Lost Maya city discovered in the Yucatan

Archaeologists from the Instituto Nacional de Antropología e Historia (INAH) have announced the discovery of a Maya city during construction works of an industrial park near Merida in Mexico’s Yucatan Peninsula.

The city, recently named as Xiol, dates from around AD 600 to 900 during the Late-Classic period, a time in Maya history when city-states engaged in a complex network of alliances and enmities. During the 9th century, many Maya polities collapsed, leading to the abandonment of cities, the ending of dynasties, and a northward shift in activity.

Image Credit : INAH

Archaeologists first discovered the site back in 2015, with results of the excavations and restoration works only now being announced to the wider world upon the near completion of the Sky Park industrial site.

The main urban centre of Xiol has restored Puuc-style structures, whilst the ceremonial complex consists of a platform and a small pyramid.

- Advertisement -

Researchers also discovered the remains of palaces, several plazas, raised platforms, carved stone heads and stone altars, in addition to a cenote which was likely used for ritual offerings to the Maya gods.

Image Credit : INAH

38 funerary deposits containing offerings of ceramics, jewellery, obsidian and flint tools was exhumed by archaeologists, revealing new anthropological data on the inhabitants of Xiol and their burial customs. Remains of marine life suggests that the inhabitants complimented their agricultural-based diets by fishing.

The team have so far identified and restored 12 structures, with further evidence of wider archaeological remains in the surrounding fields and low-lying jungle.

Header Image Credit : INAH

- Advertisement -
Mark Milligan
Mark Milligan
Mark Milligan is an award winning journalist and the Managing Editor at HeritageDaily. His background is in archaeology and computer science, having written over 7,500 articles across several online publications. Mark is a member of the Association of British Science Writers (ABSW), the World Federation of Science Journalists, and in 2023 was the recipient of the British Citizen Award for Education and the BCA Medal of Honour.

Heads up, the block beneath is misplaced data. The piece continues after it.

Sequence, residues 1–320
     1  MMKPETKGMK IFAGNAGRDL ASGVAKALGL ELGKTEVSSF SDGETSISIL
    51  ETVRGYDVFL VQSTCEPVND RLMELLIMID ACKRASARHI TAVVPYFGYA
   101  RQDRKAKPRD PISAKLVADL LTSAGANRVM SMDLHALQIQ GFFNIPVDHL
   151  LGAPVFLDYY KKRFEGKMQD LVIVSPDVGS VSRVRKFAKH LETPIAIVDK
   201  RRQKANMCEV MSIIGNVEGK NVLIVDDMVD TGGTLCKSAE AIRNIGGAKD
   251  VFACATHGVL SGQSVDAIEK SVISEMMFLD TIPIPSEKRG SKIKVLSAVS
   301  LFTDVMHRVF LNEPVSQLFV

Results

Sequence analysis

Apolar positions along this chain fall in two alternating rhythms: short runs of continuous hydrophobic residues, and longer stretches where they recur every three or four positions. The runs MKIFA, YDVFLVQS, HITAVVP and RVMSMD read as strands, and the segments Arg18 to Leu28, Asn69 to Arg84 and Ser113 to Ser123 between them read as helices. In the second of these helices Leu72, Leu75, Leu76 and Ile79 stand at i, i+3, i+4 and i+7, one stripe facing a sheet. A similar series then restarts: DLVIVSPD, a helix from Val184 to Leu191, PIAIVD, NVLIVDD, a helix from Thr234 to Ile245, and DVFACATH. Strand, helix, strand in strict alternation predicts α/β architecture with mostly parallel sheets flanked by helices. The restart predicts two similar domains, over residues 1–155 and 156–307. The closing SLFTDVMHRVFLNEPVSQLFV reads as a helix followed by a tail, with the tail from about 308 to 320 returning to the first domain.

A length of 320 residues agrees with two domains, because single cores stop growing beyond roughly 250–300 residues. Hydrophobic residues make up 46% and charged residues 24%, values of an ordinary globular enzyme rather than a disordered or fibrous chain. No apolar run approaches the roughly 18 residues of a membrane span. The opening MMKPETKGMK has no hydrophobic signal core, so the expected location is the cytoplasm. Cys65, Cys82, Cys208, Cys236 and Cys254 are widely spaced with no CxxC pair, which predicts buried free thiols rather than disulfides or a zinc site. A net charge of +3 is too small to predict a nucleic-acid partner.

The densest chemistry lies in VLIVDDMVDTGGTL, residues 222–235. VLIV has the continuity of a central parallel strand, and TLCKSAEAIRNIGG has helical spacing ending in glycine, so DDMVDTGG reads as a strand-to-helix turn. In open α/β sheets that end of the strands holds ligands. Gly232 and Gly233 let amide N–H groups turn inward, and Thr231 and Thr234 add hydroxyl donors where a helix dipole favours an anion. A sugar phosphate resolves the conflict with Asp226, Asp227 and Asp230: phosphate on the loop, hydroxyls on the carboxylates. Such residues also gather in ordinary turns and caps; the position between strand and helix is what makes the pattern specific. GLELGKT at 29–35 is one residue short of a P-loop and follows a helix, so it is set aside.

Mobile Application


Related Articles

Baboons in Ancient Egypt were raised in captivity before being mummified

In a new study published in the open-access journal PLOS ONE, researchers examined a collection of baboon mummies from the ancient Egyptian site of Gabbanat el-Qurud, the so-called Valley of the Monkeys on the west bank of Luxor.

Archaeologists find 22 mummified burials in Peru

A Polish-Peruvian team of archaeologists have uncovered 22 mummified burials in Barranca, Peru.

Oldest prehistoric fortress found in remote Siberia

An international team, led by archaeologists from Freie Universität Berlin has uncovered an ancient prehistoric fortress in a remote region of Siberia known as Amnya.

Top 10 archaeological discoveries of 2023

The field of archaeology has been continuously evolving in 2023, making significant strides in uncovering new historical findings, preserving cultural heritage, and employing innovative technologies to study the past.

War in Ukraine sees destruction of cultural heritage not witnessed since WW2

The full-scale Russian invasion of Ukraine on 24 February 2022 has resulted in a significant loss of human lives and the national and international displacement of many Ukrainian people.

Archaeologists find five Bronze Age axes in the forests of Kociewie

According to an announcement by the Pomeranian Provincial Conservator of Monuments, archaeologists have discovered five Bronze Age axes in Starogard Forest District, located in Kociewie, Poland.

Origins of English Christmas traditions

Christmas embodies a tapestry of ritual traditions and customs shared by many countries and cultures. Some hearken back to ancient times, while others represent more recent innovations.

Mosaic depicting lions found at ancient Prusias ad Hypium

Archaeologists have uncovered a mosaic depicting lions during excavations at ancient Prusias ad Hypium, located in modern-day Konuralp, Turkey.